Uses of the Throne Hall in the former Royal Palace in Bucharest from 1947 to 2019: a social semiotic perspective

  • Marina Cristiana Rotaru Technical University of Civil Engineering Bucharest, Romania
Keywords: space; place; story; consumerism; Throne Hall;

Abstract

The purpose of this paper is to investigate, from a socio-semiotic perspective, the manner in which the political regimes installed after the forced abdication of King Mihai I (on 30 December 1947) used the Throne Hall in the former royal palace in Bucharest to meet their own needs. In December 1947, Romania was illegally turned from a constitutional monarchy into a popular republic, with the help of the Red Army. Then, the popular republic was transformed into a socialist republic, in fact, a communist dictatorship. In December 1989, the communist regime collapsed and was replaced by a post-communist one, a regime which did not seem willing to leave behind the communist ideological legacy, manifest, in the 1990s, in the brutal repression of anti-government protesters in University Square in Bucharest, or in the Romanian Mineriads of 1990 and 1991. The political regimes that succeeded to power after 1947 deprived the Throne Hall of its monarchic symbolism and used it in ways incongruent with its inherent function, albeit for official purposes. The manner in which the communist regime made use of this particular place is indicative of its intent and success in reinventing traditions or adapting older traditions to its ideological goals, in order to alienate Romanians from their recent past, in disrespect for the nation’s heritage. Although the former royal palace was completely transformed into a national museum of art after 1990, a cultural institution meant, by its very purpose, to save at least part of the nation’s memory, political decision makers ignored the symbolism of a national museum such as the National Museum of Art of Romania, known to many Romanians as the former royal palace. In bewildering, yet not unprecedented fashion, the Throne Hall has been recently used, by the Romanian government, as a dining hall in a series of events that preceded the takeover of the presidency of the EU Council by Romania in January 2019. We claim that the government’s decision can be circumscribed to Jean Baudrillard’s concept of consumerism, characterized by the rule of sign value as a status symbol. In addition, Jan Blommaert’s and Barbara Johnstone’s taxonomies further the argument that the Throne Hall is not a mere space, but a place, its function having been perverted by both ideological manipulation and aggressive consumerism.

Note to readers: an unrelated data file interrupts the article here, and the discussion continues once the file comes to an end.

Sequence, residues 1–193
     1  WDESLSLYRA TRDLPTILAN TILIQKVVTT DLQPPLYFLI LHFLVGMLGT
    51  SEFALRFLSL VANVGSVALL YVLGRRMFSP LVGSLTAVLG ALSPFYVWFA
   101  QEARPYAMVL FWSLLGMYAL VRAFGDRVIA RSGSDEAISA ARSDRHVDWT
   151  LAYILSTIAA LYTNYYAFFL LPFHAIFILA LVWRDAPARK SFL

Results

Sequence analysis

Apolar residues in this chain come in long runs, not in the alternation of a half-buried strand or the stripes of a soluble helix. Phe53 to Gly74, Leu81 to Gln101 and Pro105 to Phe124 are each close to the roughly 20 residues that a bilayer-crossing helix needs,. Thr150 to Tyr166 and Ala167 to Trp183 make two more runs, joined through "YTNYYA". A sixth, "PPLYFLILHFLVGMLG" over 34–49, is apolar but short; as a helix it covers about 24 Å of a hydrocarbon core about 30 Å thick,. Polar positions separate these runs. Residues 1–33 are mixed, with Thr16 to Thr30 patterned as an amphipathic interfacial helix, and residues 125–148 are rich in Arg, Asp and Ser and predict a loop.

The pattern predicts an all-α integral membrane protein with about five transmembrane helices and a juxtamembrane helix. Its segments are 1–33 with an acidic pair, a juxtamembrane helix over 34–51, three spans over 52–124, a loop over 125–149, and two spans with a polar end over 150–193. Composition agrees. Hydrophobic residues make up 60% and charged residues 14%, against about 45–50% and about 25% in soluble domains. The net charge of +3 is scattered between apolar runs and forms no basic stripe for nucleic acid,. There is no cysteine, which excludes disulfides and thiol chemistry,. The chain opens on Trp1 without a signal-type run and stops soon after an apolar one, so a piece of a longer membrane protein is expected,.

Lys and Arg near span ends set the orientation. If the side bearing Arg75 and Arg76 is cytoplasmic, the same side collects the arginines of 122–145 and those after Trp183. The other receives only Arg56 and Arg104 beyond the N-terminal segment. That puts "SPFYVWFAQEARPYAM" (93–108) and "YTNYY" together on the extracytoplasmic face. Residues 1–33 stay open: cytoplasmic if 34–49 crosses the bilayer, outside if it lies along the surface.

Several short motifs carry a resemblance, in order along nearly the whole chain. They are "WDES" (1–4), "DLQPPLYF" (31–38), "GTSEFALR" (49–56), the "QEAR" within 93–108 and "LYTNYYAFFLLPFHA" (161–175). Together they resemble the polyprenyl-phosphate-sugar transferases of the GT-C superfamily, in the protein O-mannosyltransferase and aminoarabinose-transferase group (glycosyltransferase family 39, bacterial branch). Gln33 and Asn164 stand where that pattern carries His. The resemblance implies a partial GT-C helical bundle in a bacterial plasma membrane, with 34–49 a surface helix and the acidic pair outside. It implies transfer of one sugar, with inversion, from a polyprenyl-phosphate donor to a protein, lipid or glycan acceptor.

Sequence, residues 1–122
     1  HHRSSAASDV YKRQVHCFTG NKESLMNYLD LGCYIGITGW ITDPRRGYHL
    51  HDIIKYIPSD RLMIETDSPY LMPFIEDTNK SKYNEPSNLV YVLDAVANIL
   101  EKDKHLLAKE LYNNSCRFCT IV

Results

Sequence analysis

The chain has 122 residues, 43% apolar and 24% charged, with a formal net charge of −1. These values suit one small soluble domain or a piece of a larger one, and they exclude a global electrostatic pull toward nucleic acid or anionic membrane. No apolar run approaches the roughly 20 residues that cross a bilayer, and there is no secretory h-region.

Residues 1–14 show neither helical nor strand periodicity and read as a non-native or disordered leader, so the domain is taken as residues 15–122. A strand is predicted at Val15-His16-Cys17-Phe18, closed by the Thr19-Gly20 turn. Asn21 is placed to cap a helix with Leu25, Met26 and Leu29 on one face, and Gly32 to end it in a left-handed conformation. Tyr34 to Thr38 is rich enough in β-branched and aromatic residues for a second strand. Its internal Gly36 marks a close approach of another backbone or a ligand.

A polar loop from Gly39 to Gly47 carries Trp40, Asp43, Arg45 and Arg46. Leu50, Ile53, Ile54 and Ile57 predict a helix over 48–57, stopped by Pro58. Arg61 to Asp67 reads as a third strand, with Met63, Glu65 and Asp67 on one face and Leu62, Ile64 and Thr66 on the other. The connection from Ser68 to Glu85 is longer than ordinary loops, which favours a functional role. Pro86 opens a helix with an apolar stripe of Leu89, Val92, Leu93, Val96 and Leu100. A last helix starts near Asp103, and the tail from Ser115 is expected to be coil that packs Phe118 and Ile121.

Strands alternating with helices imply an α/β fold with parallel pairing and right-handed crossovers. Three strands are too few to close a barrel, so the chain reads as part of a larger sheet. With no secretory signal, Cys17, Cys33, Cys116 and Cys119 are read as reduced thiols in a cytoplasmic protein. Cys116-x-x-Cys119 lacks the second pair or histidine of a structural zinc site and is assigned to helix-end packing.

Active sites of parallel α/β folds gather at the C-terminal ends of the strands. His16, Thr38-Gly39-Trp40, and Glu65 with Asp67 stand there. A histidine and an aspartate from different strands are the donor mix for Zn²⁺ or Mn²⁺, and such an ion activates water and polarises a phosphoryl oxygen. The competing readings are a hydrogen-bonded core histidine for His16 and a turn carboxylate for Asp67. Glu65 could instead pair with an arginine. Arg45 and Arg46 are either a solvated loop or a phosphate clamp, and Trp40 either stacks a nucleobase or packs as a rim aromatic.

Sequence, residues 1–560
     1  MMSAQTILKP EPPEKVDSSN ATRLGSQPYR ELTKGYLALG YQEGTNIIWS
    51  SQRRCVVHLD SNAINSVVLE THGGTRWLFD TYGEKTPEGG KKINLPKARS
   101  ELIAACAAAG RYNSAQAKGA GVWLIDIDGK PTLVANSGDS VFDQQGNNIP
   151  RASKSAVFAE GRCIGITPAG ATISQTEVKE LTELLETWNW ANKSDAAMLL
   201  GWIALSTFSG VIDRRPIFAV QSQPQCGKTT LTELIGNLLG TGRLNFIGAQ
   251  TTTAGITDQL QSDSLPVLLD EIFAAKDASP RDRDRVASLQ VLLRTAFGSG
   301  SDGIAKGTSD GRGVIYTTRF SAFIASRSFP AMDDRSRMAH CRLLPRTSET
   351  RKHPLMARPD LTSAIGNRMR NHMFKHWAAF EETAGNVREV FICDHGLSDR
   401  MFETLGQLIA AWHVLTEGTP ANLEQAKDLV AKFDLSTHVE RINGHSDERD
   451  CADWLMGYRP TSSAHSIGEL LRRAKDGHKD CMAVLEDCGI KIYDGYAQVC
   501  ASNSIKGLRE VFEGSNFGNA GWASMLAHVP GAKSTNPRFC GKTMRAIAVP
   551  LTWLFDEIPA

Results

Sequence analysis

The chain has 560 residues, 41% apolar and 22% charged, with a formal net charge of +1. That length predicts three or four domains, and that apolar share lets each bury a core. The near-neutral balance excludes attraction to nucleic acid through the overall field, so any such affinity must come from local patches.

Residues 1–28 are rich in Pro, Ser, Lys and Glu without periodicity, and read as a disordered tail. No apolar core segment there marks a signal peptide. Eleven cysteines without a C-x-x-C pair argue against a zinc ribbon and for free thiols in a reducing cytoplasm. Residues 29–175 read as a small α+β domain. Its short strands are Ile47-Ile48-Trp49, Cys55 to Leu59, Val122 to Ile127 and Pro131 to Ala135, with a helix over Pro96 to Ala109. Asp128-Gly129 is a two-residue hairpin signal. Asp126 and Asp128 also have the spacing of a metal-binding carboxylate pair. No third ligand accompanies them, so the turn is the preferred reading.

Author Biography

Marina Cristiana Rotaru, Technical University of Civil Engineering Bucharest, Romania

Marina-Cristiana Rotaru is a university lecturer at the Technical University of Civil Engineering Bucharest. In 2013 she received her doctoral title with the degree Summa cum laude from Université de Bretagne-Sud, Lorient, France, where she defended her thesis entitled British and Romanian Constitutional Monarchies and Their Representations in the Royal Discourse of Queen Elizabeth II and King Mihai I. She has specialised in critical discourse analysis, with a focus on royal discourse, and has published numerous articles on this topic, such as “Portraits of Queen Elizabeth II – Royal Representations in the Public Imagination Through Time” (in Time and Culture / Temps et Culture, Bucureşti: Editura Universităţii din Bucureşti, 2016) or “Towards a Discourse of Abdication – A Linguistic Perspective on the Text of the Act of Abdication of King Michael of Romania/„Către un discurs al abdicării. O perspectivă lingvistică asupra textului actului de abdicare al regelui Mihai I al României” (in Regele, comuniştii şi Coroana, eds. Alexandru Muraru, Andrei Muraru, Iaşi: Polirom, 2017), to mention but  a few. Her fields of interest also include Specialised Legal Translation and Specialised Economic Translation, which she teaches to the students of the Specialisation Translation and Interpretation of the Technical University of Civil Engineering Bucharest.

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Published
2020-04-17
How to Cite
Rotaru, M. C. (2020). Uses of the Throne Hall in the former Royal Palace in Bucharest from 1947 to 2019: a social semiotic perspective. Swedish Journal of Romanian Studies, 3(1), 188-205. https://doi.org/10.35824/sjrs.v3i1.20432